Ed Brubaker and Sean Phillips slowly reveal what is behind the curtain in “Fatale: Death Chases Me”, but they only let readers in on enough before too much is exposed. No, there’s plenty of time to uncover the mysteries that lie in virtually every corner of “Death Chases Me”, the first volume of Brubaker and Phillips’s compelling series.
While there is ample story within this small volume, revealing too much of the plot would spoil the gruesome fun of this occult-noir-mystery. Though “Death Chases Me” opens in present day San Francisco, Brubaker and Phillips set the bulk of the story in 1956. Nicolas Lash is attending the funeral of his godfather, Dominic “Hank” Raines, when he meets a mysterious woman named Josephine with whom Nicolas is immediately smitten.
Later that night, Nicolas comes across an unpublished manuscript of Hank’s while rummaging through the home of the deceased man. It is here where everything in Nicolas’s life is turned on its head. Of course Josephine figures into things as Nicolas begins to uncover that Hank was similarly drawn into the middle of an unimaginable mess involving the occult.
Soon we’re in the past, following Hank as he gets caught up in a torrid affair with the longtime girlfriend of a crooked cop named Walter Booker. Hank is a reporter who has come across evidence that Walter and his partner are on the payroll of a local mob boss. Walter, who is already suffering from cancer, seeks out the aid of the devious Mr. Bishop, a man with vile methods of helping those who seek out his assistance.
Brubaker keeps his story moving, dropping pebble-sized hints of what mysteries are being developed as we get caught up in Hank’s plight. What is Josephine looking for and what will happen if she doesn’t find it? What power does she have over men and exactly how much is she able to control it? What is in Hank’s perplexing manuscript and how much of it is based on fact? “Death Chases Me” is worth a second read to catch some of the clues left by Brubaker along the way. By the close of the first volume, though many of the answers are fairly ambiguous, there is nothing unsatisfying about the book.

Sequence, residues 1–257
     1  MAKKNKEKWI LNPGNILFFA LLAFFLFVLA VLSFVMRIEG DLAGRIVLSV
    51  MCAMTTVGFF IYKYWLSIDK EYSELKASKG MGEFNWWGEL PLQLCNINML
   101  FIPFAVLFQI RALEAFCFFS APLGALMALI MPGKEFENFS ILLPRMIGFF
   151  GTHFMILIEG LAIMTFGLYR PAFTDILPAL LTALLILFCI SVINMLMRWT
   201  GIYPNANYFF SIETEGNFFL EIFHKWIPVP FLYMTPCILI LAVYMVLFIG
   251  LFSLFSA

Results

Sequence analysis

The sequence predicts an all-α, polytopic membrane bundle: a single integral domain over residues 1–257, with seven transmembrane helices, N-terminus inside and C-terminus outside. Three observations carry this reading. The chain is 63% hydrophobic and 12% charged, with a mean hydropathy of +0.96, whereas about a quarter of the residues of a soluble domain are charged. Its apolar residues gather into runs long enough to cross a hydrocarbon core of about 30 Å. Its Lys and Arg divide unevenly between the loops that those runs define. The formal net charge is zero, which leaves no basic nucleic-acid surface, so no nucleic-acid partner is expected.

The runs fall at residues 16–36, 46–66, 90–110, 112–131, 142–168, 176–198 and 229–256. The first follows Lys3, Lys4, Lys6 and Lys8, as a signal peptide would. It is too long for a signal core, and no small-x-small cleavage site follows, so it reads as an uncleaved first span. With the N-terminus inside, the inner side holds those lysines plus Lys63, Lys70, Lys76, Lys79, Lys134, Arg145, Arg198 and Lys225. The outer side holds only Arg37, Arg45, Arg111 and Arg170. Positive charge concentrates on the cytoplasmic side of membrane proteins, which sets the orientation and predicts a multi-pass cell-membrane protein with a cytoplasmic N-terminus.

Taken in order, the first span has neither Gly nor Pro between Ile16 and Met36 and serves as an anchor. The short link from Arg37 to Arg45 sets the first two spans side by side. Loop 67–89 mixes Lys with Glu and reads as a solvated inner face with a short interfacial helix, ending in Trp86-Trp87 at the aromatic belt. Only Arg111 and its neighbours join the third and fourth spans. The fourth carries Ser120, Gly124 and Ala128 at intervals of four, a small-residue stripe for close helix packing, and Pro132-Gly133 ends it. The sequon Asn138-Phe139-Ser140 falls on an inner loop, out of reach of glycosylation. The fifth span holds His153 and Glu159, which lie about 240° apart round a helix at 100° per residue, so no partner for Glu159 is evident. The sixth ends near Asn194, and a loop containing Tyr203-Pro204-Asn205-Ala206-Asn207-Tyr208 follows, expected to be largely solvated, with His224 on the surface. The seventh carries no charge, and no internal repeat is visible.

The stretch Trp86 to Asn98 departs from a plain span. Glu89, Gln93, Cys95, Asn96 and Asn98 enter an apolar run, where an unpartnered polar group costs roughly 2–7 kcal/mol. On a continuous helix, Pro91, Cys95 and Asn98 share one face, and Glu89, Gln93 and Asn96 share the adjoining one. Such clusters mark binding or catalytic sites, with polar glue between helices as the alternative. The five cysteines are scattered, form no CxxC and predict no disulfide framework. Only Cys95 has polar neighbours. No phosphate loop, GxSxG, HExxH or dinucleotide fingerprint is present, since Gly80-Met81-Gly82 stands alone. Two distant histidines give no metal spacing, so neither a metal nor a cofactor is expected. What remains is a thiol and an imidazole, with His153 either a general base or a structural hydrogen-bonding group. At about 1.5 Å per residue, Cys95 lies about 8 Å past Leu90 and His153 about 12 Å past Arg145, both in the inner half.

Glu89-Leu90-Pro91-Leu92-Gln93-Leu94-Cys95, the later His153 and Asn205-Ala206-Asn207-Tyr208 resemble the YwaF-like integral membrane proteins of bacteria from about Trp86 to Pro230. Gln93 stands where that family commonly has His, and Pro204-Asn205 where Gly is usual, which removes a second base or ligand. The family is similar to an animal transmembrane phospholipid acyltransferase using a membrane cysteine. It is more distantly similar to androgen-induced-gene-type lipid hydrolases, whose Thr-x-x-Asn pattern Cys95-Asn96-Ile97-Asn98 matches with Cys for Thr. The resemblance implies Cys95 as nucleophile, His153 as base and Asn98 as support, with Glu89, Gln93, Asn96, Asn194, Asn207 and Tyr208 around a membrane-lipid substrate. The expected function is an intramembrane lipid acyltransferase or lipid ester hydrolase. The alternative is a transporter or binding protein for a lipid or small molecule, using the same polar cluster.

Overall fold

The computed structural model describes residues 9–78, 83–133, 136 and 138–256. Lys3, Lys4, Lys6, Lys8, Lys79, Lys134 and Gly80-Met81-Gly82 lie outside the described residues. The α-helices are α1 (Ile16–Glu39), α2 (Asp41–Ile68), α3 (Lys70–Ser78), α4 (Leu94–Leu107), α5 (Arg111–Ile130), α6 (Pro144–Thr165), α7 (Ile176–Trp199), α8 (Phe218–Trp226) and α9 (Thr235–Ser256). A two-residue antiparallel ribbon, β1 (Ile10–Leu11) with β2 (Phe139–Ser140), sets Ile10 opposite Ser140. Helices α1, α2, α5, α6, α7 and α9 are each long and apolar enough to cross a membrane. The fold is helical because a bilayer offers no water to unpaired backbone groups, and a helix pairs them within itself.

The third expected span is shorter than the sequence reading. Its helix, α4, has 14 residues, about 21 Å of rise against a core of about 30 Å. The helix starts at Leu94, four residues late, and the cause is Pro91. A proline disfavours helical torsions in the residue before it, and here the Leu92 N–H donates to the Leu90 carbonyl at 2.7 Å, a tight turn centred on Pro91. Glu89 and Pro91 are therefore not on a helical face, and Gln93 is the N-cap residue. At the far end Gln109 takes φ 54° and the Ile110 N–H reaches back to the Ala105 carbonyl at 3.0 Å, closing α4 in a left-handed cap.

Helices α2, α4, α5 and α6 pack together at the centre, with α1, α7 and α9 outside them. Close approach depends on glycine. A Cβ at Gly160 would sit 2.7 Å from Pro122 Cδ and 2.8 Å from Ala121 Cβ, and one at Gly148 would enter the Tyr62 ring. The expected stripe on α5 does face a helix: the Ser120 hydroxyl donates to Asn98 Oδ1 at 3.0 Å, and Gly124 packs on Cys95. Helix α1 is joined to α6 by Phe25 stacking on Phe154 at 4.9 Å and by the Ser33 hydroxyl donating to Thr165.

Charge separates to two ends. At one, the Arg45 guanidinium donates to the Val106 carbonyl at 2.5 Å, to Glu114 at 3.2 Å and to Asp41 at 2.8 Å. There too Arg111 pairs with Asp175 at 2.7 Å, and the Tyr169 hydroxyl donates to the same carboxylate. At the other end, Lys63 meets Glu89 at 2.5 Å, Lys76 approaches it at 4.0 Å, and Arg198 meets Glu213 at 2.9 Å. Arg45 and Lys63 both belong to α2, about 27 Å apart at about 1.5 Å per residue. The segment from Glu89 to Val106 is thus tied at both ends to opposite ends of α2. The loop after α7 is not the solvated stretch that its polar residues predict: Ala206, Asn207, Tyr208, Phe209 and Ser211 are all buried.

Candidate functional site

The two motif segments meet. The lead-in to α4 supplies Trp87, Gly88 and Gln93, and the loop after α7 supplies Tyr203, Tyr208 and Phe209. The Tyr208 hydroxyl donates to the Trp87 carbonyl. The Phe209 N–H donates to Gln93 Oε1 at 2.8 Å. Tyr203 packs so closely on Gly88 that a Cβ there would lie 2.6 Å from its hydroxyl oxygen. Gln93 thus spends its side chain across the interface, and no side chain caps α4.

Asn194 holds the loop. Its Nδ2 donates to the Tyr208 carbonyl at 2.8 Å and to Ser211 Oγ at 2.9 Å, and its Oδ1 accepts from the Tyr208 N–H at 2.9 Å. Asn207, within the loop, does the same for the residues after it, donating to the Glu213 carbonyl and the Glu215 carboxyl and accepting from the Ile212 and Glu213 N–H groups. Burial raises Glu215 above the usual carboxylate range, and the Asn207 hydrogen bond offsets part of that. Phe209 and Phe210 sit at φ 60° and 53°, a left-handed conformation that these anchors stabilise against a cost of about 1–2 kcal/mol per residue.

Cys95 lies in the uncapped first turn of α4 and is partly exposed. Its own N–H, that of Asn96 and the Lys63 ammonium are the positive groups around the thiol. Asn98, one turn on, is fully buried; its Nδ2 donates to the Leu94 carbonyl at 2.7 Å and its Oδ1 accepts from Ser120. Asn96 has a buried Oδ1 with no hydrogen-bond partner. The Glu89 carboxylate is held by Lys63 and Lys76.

Phillips, one of the medium’s best storytellers, always astounds; the artist moves his camera sensibly, consistently capturing the perfect shot to clearly depict the action. Phillips’s characters are expressive and have all the attributes necessary to impeccably fit into Brubaker’s dark noir tale. Add to this a flair for gore. “Death Chases Me” calls out to my affinity for blood-dripping carnage. There are beheadings, disembowelments, and brains blown colorfully from skulls; “Death Chases Me” drips as much with blood as it does mystery.
The colors by Dave Stewart are as dramatic and gorgeous as we have come to expect from the multi-Eisner award-winning colorist. His palette is filled with muted tones, and he adds depth to the art with the use of subtle textures. However neutral some of the scenes may be, once the butchery begins, the deepest or deep reds is utilized to highlight the bloodshed.
“Fatale: Death Chases Me” drops its characters right into the middle of the action from the beginning and the story doesn’t stop moving. It’s an absorbing mystery that never divulges too much, which is ultimately what compels you to continue turning its pages.
Fatale Vol. 001: Death Chases Me
Written by: Ed Brubaker
Art: Sean Phillips
Colors: Dave Stewart
Publisher: Image Comics
Original Publication Date: January 2012
Pages: 128 pages